There has always been something to be said about using your parental ‘outside voice’. Perhaps, if more parents exercised this gift in raising their children, Jesus might have a few more moments to enjoy His coffee!
Like many in the world today, we are still reeling at the heartless treatment of little Charlie Gard. Another child’s name may soon become a household name and elicit the prayers from Christian people around the world. Fourteen-month old Alphie Evans is in a Liverpool hospital in England, on life support, and has doctors strongly advising his life support be removed. To his parents objections, they suggest they get a lawyer. These parents also want to take their little boy to America for treatment. Given how the doctors in the UK seem to view the ‘do no harm’ of their medical vows, do we have to wonder how this case is going to turn out?
You have to wonder, what do these doctors really care? The parents are more than happy to transfer their son to another medical facility yet the doctors appeal to the courts to insure an outcome for Alphie the same as Charlie. Are they ashamed they couldn’t help the little boy? Is their pride at stake? You would think that at this point when they obviously are not helping the child, they would be more than happy to have another doctor possibly find a remedy and rejoice with the family if it does help. Nope, they take away the rights of the parents, get the courts involved and another little life is blotted out.
Nothing lights up the argument channel than a difference of view on the vaccination issue! I’ve actually lost friends because they couldn’t give me enough solid information to make me even consider not providing my children with all the available help in the world. Unfortunately, few people will bother to read the article or take into serious consideration the documented facts included.
There is a complacency in the anti-vaxx people of that world that childhood diseases are not really that bad and certainly don’t need the ‘dangers’ involved with vaccinations to stop them from happening. The article:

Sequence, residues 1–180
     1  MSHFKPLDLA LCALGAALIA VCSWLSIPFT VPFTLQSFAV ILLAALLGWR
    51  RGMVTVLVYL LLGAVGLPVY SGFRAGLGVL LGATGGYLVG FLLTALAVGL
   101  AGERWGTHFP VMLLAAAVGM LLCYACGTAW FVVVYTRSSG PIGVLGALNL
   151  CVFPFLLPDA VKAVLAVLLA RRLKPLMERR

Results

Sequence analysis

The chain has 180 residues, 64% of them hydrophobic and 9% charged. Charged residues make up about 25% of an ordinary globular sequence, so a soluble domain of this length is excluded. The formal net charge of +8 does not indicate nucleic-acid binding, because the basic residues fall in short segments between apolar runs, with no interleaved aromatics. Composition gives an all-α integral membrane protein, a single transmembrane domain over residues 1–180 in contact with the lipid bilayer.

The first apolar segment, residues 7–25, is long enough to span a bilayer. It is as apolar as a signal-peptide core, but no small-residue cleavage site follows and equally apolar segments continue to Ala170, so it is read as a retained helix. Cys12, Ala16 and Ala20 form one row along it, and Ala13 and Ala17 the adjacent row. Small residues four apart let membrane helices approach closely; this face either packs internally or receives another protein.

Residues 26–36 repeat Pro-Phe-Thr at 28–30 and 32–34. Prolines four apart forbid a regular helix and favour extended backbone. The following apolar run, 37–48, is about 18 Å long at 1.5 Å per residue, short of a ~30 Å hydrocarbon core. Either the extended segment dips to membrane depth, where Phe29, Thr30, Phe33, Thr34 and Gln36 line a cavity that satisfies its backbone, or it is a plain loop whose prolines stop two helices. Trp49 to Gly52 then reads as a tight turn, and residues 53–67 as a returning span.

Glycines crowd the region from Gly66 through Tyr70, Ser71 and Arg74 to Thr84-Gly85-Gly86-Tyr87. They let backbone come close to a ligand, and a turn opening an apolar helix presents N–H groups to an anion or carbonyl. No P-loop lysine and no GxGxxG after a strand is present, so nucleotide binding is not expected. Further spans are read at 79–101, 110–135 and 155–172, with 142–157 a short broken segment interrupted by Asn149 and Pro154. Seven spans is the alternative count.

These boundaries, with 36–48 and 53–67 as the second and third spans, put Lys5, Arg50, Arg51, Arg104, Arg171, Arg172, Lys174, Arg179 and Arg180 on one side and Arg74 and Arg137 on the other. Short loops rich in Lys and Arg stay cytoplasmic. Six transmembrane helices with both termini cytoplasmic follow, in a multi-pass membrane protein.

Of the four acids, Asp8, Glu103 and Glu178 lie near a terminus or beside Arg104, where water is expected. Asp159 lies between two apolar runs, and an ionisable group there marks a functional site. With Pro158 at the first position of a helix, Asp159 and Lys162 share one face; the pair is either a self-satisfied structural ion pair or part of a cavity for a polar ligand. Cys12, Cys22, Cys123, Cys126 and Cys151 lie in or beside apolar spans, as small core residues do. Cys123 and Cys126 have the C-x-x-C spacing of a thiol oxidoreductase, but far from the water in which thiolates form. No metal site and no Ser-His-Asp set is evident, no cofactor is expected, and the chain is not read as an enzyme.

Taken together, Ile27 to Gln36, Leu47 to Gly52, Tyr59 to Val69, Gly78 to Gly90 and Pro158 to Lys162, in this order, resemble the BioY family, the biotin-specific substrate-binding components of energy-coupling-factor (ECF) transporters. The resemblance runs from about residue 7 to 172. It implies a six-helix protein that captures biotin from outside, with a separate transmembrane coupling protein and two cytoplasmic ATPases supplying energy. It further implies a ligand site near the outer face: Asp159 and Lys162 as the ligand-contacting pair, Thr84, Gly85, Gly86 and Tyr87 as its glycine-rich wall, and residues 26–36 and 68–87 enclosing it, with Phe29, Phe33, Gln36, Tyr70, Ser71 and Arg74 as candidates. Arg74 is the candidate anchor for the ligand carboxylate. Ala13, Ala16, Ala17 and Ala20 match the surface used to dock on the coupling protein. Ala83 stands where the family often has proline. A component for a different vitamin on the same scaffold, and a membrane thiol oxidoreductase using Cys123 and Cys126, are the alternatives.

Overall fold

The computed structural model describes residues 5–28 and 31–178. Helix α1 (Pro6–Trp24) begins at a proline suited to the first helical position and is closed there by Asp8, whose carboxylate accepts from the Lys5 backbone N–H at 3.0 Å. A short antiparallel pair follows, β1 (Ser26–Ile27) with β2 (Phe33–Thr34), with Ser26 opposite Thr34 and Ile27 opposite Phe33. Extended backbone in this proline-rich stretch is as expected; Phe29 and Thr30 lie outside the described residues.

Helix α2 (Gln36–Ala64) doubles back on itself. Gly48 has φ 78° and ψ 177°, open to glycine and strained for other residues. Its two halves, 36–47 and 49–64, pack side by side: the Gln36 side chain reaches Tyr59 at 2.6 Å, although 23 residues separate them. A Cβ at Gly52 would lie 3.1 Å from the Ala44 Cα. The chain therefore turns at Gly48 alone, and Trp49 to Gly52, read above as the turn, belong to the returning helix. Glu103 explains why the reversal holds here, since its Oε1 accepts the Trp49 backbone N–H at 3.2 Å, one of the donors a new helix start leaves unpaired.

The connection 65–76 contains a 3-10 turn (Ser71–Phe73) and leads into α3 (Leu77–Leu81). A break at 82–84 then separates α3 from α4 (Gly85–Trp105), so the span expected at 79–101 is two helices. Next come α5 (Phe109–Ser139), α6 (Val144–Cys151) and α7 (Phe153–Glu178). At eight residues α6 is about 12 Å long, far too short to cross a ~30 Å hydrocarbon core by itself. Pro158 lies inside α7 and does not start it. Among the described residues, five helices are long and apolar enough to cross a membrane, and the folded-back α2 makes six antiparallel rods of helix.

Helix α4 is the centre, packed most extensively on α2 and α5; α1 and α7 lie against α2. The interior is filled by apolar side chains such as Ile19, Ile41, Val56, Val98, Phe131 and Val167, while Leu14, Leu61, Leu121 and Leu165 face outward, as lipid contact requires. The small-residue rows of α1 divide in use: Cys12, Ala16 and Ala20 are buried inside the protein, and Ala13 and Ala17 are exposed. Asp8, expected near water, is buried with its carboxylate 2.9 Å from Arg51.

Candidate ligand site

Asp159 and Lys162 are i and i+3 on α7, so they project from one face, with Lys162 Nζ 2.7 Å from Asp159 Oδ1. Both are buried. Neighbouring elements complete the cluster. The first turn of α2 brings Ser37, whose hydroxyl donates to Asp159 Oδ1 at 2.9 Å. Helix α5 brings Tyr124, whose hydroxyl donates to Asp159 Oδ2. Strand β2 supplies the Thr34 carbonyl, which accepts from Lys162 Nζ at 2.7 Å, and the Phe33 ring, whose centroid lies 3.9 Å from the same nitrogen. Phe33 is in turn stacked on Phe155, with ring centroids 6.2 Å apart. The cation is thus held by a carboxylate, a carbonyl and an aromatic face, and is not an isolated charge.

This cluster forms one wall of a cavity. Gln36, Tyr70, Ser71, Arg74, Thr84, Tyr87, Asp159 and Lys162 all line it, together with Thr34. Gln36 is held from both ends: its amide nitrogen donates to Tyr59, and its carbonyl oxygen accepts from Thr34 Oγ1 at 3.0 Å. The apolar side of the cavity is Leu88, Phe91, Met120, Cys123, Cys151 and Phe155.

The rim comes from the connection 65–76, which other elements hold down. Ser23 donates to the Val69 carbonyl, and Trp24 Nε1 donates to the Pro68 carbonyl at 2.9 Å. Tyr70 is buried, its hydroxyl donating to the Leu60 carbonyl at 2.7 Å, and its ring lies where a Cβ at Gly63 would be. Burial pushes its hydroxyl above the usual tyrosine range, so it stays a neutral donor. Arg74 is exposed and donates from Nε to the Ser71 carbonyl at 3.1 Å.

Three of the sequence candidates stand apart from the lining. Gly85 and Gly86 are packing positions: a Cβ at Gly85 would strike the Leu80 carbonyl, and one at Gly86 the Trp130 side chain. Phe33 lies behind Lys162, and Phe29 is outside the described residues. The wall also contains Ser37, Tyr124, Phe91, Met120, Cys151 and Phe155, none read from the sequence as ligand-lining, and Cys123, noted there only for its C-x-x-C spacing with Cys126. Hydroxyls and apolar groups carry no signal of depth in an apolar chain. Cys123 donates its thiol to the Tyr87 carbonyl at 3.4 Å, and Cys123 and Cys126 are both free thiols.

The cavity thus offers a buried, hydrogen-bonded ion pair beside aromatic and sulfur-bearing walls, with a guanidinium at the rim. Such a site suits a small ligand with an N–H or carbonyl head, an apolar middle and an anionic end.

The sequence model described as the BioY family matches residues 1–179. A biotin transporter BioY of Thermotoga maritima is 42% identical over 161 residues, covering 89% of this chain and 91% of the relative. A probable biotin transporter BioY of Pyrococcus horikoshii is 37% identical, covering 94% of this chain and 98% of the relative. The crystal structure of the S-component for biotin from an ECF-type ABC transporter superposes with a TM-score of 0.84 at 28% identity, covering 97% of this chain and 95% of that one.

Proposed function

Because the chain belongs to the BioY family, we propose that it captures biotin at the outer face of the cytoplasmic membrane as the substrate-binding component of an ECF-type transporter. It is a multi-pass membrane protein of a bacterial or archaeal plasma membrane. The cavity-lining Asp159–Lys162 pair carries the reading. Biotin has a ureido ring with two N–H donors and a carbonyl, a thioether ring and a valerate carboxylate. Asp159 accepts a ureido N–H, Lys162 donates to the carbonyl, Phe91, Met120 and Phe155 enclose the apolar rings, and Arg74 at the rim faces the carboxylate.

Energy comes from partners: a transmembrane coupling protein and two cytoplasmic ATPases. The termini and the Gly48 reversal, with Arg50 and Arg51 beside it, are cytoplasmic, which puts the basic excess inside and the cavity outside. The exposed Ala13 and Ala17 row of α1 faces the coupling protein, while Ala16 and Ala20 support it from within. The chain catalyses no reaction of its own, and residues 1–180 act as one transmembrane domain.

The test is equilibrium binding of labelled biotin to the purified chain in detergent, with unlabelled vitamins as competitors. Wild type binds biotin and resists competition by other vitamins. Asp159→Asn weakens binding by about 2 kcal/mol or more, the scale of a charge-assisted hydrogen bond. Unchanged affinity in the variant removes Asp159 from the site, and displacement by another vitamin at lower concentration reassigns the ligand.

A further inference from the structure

should put a lot of these fears and misconceptions to rest . . . but it probably won’t until one of the seriously anti-vaxx people have a child who is seriously impacted by catching one of these ‘minor’ diseases. The following excerpt from the article shows exactly how much impact the pre-vaccination years were in the world.
Vaccine-Preventable Diseases Aren’t Really That Serious
This is one of the more dangerous ideas of the anti-vaccine movement.
The only reason that they get away with it is because vaccines have done such a good job! Since vaccines have eliminated and reduced most vaccine-preventable diseases, few people actually remember just how devastating these life-threatening diseases can be.
It is important to remember that in the pre-vaccine era:
there were regular outbreaks of polio in the United States causing 13,000 to 20,000 cases of paralytic poliomyelitis each year and about 1,000 deaths. In even larger polio epidemics in the 1940s and 1950s, there were up to 3,145 deaths.
there were about 500,000 cases of measles in the United States, with at least 500 to 1,000 deaths and 500 cases of measles encephalitis. As late as 1989-1991, there were 55,622 cases and 123 deaths in the US.
there were up to 200,000 cases of diphtheria and 15,000 deaths each year.
the Haemophilus influenzae type b bacteria caused life-threatening infections, including meningitis, epiglottitis, and pneumonia, in up to 20,000 young children each year. Many were infants, and up to 5 percent died. Among those who survived their Hib infection, up to 30 percent had hearing impairment or neurologic complications.
there were about 270,000 cases of pertussis and 10,000 deaths each year in the United States.